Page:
Growing miniature roses indoors!
Growing Miniature roses indoors!
Valentine’s Day is the time for roses - and February could certainly be the month for miniature roses. In February roses abound - many gardeners receive a gift ( or buy one themselves!) of a sweet little miniature rose plant. Many of these miniature roses are sadly destined as an ephemeral bit of beauty for the breakfast table. They look lovely for a few weeks, then dismally languish... dropping their little leaves, turning spindly and weak. However this does not need to be the case! Miniature roses can in fact happily grow indoors - with a few stipulations - and can be a lovely addition to an indoor gardeners collection!
Roses are most certainly one of the most popular plants - if not the most popular of all. Despite a prevalent notion that roses are a difficult plant to grow, Roses are in fact a hardy, robust shrub. The rose’s miniature sister is built of the same stuff! Miniature roses are equally tough and vigorous plants... however they absolutely must have the right growing conditions, environment and treatment! Read on for how to make your miniature roses thrive!
- 1. Plenty of Light: a miniature rose simply will not survive long without lots of sunshine. Roses are sunshine plants that love to suntan! Avoid placing a miniature rose in a dark room. Do not place your miniature rose on a table in the centre of the room, instead give her some nice window real estate. Try a south facing window.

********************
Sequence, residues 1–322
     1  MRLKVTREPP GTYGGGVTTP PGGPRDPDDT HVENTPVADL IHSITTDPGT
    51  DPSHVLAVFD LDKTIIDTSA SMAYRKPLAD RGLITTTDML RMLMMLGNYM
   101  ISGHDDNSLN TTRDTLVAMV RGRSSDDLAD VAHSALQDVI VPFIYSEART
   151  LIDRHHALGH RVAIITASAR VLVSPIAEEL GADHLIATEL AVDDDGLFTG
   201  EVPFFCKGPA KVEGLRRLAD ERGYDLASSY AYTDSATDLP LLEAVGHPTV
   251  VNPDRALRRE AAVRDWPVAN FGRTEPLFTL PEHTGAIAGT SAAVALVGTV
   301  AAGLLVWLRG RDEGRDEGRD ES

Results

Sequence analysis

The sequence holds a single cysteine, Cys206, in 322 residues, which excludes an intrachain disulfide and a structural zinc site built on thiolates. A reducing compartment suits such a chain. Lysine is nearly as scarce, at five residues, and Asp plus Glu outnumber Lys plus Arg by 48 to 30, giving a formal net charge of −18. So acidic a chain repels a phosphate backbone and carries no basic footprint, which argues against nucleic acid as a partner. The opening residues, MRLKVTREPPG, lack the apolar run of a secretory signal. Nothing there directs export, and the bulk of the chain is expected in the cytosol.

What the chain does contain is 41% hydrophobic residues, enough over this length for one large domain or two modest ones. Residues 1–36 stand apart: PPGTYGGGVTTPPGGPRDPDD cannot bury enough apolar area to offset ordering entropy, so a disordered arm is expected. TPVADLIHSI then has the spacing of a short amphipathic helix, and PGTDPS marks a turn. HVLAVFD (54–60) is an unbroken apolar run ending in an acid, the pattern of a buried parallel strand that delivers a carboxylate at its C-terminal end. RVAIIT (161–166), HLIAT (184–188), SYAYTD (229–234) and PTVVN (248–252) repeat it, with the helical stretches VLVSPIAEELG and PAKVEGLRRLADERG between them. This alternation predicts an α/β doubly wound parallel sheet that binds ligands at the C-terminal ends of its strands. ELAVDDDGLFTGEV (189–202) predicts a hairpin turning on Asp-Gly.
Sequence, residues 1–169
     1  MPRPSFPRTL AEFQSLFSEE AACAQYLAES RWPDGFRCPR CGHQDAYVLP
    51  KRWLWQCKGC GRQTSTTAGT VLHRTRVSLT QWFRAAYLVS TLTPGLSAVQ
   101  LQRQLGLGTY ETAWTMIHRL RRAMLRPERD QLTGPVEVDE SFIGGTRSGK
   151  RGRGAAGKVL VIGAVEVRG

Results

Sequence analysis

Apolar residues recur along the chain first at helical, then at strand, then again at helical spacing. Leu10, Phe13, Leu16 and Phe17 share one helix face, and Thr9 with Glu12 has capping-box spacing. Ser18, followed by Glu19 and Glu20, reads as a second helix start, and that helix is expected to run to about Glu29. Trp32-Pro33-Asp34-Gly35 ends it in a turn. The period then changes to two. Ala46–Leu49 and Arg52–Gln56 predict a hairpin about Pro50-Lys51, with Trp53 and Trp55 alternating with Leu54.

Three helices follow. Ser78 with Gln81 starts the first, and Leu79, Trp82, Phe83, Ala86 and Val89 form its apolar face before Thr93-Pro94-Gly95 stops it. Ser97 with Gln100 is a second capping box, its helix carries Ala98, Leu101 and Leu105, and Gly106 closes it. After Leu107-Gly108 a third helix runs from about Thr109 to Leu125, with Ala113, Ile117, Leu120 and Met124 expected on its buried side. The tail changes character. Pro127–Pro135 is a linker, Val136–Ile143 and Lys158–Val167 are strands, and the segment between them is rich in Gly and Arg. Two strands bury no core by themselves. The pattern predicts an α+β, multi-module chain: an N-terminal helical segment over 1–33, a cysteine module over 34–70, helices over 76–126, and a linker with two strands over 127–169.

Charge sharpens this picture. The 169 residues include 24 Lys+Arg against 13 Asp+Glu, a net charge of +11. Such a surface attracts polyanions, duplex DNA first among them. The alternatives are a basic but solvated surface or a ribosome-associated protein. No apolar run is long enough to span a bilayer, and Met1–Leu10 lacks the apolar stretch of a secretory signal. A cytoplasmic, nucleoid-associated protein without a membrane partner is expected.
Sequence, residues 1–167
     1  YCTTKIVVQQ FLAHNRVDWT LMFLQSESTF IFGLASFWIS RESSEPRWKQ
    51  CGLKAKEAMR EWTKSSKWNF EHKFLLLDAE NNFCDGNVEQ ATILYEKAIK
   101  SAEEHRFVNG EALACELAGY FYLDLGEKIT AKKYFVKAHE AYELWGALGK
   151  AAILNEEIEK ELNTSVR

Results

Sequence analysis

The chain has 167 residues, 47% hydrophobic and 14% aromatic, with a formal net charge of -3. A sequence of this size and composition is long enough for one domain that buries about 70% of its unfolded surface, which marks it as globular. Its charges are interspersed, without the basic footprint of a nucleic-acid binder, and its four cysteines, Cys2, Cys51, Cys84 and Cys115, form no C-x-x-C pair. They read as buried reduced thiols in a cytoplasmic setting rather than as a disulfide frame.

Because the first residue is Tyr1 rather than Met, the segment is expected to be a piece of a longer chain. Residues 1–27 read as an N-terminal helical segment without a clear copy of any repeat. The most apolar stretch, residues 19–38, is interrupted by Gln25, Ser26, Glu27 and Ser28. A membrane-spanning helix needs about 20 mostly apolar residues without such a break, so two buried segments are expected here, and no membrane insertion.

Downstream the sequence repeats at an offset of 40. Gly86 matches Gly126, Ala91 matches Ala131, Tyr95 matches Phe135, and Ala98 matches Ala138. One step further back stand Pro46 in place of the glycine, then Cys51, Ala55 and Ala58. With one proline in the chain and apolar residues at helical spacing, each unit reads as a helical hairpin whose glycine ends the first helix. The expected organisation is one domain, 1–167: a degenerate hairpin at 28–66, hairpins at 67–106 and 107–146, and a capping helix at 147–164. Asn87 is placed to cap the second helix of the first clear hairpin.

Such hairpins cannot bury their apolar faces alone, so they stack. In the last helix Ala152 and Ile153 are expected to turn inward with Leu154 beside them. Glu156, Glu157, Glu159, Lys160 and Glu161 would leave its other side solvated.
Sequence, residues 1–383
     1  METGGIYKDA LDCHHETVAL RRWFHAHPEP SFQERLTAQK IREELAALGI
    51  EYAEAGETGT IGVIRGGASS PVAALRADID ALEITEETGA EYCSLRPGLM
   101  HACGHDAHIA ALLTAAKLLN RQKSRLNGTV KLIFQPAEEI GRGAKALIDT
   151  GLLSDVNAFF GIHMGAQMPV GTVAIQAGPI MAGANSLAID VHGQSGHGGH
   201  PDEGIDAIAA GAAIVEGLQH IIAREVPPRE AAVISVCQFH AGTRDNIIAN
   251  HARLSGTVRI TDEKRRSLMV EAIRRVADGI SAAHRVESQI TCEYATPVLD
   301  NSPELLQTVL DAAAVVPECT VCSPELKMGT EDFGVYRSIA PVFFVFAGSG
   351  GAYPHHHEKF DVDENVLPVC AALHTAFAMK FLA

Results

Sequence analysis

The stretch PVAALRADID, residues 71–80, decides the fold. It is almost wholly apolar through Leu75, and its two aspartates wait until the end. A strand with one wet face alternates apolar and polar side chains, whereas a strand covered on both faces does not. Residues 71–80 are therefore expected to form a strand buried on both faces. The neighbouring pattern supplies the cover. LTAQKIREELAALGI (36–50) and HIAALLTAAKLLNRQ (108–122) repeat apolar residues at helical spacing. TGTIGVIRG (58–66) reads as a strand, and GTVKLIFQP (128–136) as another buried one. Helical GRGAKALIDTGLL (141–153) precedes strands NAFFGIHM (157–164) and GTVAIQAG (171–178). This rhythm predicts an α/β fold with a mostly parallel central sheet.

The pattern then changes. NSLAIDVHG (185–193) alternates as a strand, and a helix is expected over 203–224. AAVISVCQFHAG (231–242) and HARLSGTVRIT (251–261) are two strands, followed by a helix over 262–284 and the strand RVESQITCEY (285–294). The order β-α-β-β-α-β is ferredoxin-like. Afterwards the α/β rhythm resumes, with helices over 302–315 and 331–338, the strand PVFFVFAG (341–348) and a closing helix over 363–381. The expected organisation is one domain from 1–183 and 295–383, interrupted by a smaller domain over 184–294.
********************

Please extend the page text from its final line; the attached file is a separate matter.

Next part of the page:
- 2. Fresh, well circulating air. A rose will quickly languish in a hot and stuffy room. Some wonderful spots for a miniature rose are a warm, protected balcony, a cool porch, or window sill where the window is opened sometimes giving a bit of a breeze. If you are lucky enough to have such a thing, a conservatory or a cool greenhouse are absolutely excellent!
- 3. Cool temperatures. . Aim for a consistently cool room, perhaps in the temperature range of 8C to 18C ( 46F to 64F). Avoid placing a miniature rose near a fireplace, radiator, furnace vent or other heat source! (This applies to any house plant, but that’s another story!)